‘Hacking’ doesn’t always have the best connotation. With a pronunciation comprised of heavy consonants, hacking is defined as gaining unauthorized access into another’s computer, or to thresh something to bits. But to a growing population, hacking is a good thing. It’s breaking an inflexible system to make life easier and better. A hack is a tip or trick to work around a difficult situation and achieve a positive outcome that might never have been fathomed before.
At the end of March, Accessibility Partners participated in an unprecedented event: an Accessibility Hackathon. The day was sponsored by the White House Office of Science and Technology Policy, 18F, the National Institute on Disability, Independent Living, and Rehabilitation Research, and DC Legal Hackers. The event began with lightning talks by some amazing developers and thinkers. We heard from people who were 3D printing new mobility devices, working on policies and legislation, and teaching us how to code for accessibility in our websites.
One universal theme was the necessity of accessibility intertwined with technology knowledge. Essentially, as students learn how to code (which is happening at an earlier and earlier age), accessibility needs to happen in tandem. Perhaps this means they learn the different heading level styles, or alt text. Yet, in our opinion, it means that understanding of the importance of accessibility happens at an early age. It could be a lesson in empathy, or more of an importance of people with disabilities and their access to technology.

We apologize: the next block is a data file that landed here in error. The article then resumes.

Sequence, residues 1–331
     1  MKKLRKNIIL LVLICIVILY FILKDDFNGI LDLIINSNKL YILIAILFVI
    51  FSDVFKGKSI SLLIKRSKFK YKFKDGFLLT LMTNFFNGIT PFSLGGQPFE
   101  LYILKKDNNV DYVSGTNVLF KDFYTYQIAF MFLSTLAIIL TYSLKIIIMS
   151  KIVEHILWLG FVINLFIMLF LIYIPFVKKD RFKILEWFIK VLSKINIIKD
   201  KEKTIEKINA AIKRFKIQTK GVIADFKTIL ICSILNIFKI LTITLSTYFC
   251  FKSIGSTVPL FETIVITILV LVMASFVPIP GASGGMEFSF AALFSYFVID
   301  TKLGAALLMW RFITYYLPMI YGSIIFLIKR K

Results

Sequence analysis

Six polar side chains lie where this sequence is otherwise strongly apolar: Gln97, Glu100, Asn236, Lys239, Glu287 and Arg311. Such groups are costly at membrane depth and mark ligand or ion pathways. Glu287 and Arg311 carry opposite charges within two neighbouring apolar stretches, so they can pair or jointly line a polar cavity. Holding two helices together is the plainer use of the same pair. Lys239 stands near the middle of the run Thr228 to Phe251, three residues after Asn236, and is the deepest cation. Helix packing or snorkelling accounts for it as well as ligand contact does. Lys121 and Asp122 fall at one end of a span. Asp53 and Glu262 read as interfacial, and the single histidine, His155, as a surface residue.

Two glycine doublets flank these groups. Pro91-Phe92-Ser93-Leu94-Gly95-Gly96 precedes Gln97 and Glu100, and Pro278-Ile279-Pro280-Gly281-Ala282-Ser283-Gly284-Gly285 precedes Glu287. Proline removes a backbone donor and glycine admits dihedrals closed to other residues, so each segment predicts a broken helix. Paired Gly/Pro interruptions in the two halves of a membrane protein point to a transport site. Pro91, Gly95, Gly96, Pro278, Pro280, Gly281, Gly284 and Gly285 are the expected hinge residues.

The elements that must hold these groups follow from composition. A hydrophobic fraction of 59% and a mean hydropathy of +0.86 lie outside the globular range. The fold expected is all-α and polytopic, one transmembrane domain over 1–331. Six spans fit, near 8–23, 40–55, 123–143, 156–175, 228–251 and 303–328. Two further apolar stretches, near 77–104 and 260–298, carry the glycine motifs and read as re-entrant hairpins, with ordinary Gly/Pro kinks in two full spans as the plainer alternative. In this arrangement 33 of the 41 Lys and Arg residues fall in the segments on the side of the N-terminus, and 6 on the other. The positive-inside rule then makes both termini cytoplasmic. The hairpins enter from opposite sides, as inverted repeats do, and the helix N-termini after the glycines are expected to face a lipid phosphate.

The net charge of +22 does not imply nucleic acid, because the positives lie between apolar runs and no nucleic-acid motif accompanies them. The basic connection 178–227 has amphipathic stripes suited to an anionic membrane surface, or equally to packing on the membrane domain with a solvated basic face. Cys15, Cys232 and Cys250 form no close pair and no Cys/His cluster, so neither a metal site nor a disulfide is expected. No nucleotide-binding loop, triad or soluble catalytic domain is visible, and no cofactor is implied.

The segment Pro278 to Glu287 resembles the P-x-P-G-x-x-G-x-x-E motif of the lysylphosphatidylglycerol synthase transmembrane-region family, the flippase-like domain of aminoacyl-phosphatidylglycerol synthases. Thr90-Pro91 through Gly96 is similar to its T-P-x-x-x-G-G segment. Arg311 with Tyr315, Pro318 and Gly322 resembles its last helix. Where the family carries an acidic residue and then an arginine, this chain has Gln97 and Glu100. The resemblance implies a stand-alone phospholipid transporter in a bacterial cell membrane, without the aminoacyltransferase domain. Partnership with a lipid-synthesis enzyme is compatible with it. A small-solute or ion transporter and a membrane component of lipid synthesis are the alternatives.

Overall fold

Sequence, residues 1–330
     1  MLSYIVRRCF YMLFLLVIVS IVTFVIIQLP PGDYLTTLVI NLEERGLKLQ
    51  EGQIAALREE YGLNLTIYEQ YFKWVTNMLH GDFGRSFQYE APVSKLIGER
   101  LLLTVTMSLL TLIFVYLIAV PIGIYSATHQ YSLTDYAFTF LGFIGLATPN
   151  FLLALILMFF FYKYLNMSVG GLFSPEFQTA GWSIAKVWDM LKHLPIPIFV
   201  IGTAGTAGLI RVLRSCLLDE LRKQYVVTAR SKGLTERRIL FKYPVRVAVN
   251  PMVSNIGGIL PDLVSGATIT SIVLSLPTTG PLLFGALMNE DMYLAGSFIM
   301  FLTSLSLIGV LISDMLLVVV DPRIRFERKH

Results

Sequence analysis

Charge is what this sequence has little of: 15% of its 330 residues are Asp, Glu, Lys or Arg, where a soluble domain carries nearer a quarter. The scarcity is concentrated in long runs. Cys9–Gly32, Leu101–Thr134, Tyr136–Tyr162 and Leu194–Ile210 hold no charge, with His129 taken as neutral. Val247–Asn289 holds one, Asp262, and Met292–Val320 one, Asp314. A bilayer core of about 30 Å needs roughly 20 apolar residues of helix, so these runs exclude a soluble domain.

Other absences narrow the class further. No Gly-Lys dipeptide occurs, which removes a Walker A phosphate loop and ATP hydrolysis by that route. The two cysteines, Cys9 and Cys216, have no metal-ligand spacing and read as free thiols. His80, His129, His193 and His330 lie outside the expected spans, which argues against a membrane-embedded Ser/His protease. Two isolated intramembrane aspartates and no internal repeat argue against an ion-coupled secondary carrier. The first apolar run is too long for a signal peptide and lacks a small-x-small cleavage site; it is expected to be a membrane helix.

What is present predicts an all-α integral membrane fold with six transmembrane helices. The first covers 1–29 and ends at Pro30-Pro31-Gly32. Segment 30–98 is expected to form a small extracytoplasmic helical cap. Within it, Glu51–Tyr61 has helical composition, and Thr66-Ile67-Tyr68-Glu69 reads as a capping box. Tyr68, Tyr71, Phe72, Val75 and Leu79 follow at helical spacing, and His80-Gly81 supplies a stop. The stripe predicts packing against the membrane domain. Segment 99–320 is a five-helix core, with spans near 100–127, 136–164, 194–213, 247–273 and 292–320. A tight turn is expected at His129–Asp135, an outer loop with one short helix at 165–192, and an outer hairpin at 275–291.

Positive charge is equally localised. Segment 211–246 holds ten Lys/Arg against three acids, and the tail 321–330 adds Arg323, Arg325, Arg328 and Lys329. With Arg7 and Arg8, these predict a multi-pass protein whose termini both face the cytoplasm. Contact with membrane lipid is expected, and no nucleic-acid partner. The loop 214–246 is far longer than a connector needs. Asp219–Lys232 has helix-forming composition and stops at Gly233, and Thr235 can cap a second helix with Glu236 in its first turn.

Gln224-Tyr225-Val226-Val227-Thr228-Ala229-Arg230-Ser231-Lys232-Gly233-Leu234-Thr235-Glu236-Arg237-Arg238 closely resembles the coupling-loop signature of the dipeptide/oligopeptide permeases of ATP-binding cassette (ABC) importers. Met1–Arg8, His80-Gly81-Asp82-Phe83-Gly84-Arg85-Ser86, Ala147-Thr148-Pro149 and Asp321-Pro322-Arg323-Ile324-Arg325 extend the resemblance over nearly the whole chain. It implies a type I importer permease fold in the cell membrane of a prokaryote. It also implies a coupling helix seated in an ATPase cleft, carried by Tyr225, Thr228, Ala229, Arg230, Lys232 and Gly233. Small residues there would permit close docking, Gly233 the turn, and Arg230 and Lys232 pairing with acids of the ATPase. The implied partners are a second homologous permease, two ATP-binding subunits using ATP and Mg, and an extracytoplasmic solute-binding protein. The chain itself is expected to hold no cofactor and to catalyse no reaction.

The hackathon taught us, or rather confirmed, that there needs to be an open dialogue with developers and users with disabilities. Even if this starts at a young age, students can learn from their peers with disabilities. As technology usage grows, it is imperative that there is a knowledge transfer between the users and the developers. The concept of knowledge transfer, which ensures new knowledge and products gained through research and development, can be used to improve the lives of individuals with disabilities. It’s an educational issue, and one that can coexist with the push of STEM education.
By promoting a healthy dialogue with knowledgeable end-users, everyone can benefit. As the audience championed, we never know when a disability could hit us. I’ve been told that the demographic of people with disabilities is the only minority group that you could join at any time in your life. Plus, as the baby boomers age, that number, especially those in the workforce, will skyrocket. It befits us now to consider the contributions of people with disabilities in the tech sphere before they are shut out of access.
Start educating and hacking now. The more things we break, they more they can be built up for accessibility.